• Aha! An excellent point. But even in slow-mo, I doubt if my chances would be good. And you’re right — I used to have the same problem when I was trying to photograph my cats all those years ago. They’d be doing something cute or graceful or whatever; and the instant I grabbed my camera they’d flip over, cross their eyes, stick one leg in the air, and start licking their butts. But then, I always knew cats were telepathic. 😉

      Liked by 1 person

  2. They do know…..oh they know and Alfred Hitchcock’s movie still haunts me. Not sure of the specie of bird, but there is a bird that dives at peoples heads when a person walks too close to their nest. Had that happen outside of our office a number of years ago…anytime someone came up the sidewalk by the vine on a trellis (nest home…stupid choice but what can I say…not the brightest bird) the momma bird would dive at everyone as they approached the door…..always made me think of that movie….ugh!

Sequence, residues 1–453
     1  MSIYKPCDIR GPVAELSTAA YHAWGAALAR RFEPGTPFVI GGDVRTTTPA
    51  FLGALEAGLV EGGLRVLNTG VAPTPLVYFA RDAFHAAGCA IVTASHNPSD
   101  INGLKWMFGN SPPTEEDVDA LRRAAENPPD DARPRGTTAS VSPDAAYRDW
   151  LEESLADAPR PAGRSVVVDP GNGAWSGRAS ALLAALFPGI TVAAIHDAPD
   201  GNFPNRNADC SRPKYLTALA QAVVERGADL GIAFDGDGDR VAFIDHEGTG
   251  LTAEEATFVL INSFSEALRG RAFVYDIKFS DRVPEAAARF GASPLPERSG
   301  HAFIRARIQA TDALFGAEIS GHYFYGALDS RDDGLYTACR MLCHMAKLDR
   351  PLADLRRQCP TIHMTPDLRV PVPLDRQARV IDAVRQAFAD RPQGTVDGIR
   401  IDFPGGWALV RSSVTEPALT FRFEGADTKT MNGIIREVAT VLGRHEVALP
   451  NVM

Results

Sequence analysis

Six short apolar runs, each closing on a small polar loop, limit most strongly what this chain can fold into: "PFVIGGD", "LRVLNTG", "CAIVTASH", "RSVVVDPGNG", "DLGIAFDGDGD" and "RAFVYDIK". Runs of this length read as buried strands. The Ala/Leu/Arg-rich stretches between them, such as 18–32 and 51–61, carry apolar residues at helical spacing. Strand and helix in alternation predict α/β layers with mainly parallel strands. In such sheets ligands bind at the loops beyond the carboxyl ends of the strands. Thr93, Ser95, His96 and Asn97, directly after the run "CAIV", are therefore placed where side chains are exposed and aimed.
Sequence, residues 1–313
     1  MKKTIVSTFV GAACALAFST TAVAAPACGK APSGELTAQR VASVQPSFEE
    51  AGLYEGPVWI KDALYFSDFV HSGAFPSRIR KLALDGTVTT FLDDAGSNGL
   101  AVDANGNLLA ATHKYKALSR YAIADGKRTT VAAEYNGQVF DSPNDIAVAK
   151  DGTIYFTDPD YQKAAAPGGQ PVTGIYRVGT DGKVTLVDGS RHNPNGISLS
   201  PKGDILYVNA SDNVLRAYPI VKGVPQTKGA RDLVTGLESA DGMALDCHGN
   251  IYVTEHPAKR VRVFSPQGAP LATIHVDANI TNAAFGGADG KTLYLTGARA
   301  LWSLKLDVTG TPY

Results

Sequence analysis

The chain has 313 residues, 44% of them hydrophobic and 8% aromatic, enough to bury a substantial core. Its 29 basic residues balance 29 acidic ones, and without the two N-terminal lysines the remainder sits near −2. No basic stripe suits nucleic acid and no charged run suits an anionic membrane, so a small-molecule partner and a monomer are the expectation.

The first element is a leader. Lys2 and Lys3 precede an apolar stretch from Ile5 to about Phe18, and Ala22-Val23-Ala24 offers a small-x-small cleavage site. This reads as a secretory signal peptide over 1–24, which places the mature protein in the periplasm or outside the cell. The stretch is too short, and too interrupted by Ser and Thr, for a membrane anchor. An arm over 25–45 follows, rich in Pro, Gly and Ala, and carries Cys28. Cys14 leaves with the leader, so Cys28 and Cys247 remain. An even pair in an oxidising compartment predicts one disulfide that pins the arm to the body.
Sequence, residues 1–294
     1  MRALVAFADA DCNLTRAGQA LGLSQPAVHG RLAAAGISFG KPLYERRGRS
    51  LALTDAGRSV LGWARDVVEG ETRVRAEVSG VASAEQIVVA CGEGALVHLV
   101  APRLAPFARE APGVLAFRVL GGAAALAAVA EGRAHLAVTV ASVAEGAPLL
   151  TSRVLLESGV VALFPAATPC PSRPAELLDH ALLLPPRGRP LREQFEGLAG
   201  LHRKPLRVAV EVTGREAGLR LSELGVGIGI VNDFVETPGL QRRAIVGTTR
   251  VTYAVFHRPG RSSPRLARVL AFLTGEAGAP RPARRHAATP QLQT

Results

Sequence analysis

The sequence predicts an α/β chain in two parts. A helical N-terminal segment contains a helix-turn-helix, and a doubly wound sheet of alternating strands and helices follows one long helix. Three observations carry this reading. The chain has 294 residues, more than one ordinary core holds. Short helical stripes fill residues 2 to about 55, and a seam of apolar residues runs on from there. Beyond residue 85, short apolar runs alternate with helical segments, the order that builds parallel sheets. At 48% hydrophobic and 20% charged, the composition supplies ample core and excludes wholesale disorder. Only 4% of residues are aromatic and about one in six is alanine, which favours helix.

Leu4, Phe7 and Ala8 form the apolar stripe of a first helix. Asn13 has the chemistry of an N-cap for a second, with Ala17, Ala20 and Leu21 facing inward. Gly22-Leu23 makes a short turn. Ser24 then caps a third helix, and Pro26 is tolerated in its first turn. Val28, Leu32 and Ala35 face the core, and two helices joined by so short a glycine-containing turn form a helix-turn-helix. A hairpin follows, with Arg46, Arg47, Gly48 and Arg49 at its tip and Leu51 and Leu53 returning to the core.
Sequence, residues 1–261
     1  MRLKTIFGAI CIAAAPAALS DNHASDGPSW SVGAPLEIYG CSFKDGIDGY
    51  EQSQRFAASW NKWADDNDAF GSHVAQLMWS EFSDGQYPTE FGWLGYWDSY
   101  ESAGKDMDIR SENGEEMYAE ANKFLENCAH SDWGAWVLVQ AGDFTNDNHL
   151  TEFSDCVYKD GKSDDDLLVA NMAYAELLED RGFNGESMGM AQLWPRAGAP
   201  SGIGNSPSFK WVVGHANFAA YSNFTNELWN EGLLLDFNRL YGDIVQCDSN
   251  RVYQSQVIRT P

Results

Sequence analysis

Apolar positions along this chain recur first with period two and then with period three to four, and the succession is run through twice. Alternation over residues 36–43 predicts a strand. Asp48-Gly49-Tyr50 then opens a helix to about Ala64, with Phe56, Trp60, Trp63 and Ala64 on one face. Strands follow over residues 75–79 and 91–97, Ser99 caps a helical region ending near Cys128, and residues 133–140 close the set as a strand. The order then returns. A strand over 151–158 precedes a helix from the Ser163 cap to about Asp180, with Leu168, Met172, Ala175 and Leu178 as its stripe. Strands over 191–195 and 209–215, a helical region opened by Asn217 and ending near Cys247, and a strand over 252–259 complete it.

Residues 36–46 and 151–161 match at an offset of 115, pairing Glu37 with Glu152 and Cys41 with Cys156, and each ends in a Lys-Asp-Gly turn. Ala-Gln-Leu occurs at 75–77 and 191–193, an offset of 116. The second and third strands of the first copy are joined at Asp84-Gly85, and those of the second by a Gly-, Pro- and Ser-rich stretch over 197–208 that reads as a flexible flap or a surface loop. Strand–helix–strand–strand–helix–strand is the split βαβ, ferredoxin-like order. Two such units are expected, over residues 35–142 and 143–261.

3. Wowza so much good news here. Yay for the audiobook series and congratulations on the successful workshop!
    I’m with you on seeing the birds. There can be a cacophony if birdsong directly overhead and the birds might as well be invisible to me.


    • Mostly they are invisible, the sneaky little buggers! 🙂 Some of them have excellent camouflage, too — Hubby has given up trying to identify them, and just calls them LBBs: Little Brown Birds.

      So the next time somebody points and exclaims, “Did you see that bird?”, you can just nod and sagely say, “Yep, it was definitely an LBB.”

      Liked by 1 person